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A triumphant fibro. story!
September 03, 2013
She did it!
Here is a story from my new exercise system -
Fibromyalgia Fitness, How a little exercise can make a BIG difference. A seven week exercise and diet system.
I was honored to get this interview from Lynn Lennon, Triathlete.
She competes in triathlons which include endurance based running, swimming and cycling.
I have yet to figure out whether fibromyalgia can actually be beaten. But honestly, after hearing her story - I am steps closer to believing it can be!
“It took a few years for my fibromyalgia diagnosis. I was in constant pain and suffered from a horrendous sleep disorder. Since I had dealt with a lot of my stress by eating tons of sugar, I gained a lot of weight.
I was put on a host of medications: Oxycontin, Percocet, Morphine...
I was later told by a well known doctor that anyone having a predisposition to depression should never take synthetic pain medication. My weight had gone up to 220 pounds and I was a size 20.
I was miserable; everywhere I went I remember sweating, even in the winter time. One defining moment in my life came when my doctor told me he wanted me to become a “jock”, an athlete. I was truly offended; he had been my doctor for five years and he knew that I could barely walk.
I used a cane and I had a handicapped placard for my car. In August 2007, I was in blinding pain for four days. I couldn't take it anymore. But I soon realized I had my two boys to look after. I did not have the luxury of dying.
That's when I came up with “every choice equals the best choice!” Making different choices should equal different outcomes.
I started with baby steps, just making small positive steps one at a time. Sleeping, hydration, exercising, vitamins, flossing my teeth. Anything and everything I could do positive in a day - I did it.
I felt as if I had become "comfortable being sick". I had to stop identifying myself as being sick. I had to change the things I attached pleasure to.
I lost 40 pounds the first year and stopped using my cane. I became motivated by feeling so much better, so quickly that I started walking for ten minutes a day.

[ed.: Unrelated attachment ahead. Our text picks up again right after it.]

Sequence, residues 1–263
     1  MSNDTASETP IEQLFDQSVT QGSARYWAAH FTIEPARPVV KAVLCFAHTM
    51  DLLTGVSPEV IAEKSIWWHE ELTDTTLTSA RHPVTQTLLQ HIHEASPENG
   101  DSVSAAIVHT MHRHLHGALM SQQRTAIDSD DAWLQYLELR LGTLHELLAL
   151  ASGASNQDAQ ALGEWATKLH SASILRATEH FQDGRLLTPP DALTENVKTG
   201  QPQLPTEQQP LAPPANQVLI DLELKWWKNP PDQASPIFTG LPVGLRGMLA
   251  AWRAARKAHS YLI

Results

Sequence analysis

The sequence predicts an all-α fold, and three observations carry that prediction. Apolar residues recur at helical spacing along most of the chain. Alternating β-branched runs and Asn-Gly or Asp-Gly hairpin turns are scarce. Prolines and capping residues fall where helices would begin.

Then walking on a treadmill, then walking on a treadmill with an incline, then walking holding weights.
I quickly learned how to do things by actually doing them. Can't simply means won't. Fibromyalgia sufferers must be willing to take millions of little baby steps. You will be encouraged by your own progress.
Your choice should always be the best choice. From what you put in your body to exercising everyday.
When I was in pain I would use excuses like, “I’m in so much pain, I deserve to eat this cookie or that desert”. Now I find pleasure in riding a bike down hill at 35 miles per hour. You must change what you attach pleasure to.
After I reached a certain amount of fitness, I made it my goal to compete in a triathlon. Unlike a marathon where you only run, a triathlon is running, biking, and swimming. I have competed in two of them.
I no longer have fibromyalgia; I don't take any medication and have zero pain.
My advice is that you decide who you want to be. Do you want to be medically dependent on narcotics or do you want to be healthy?
I am a nurse and can tell you firsthand that Western medicine is terrible.
Your doctors will tell you that you need more medicine, that there is no hope, that you only need light exercise. It's a business and they are in the business of making money off of your illness.
Don't become one with fibromyalgia. Shift your identity to something more powerful! It can be done, I am proof!”
Lynn Lennon, RN and Triathlete.
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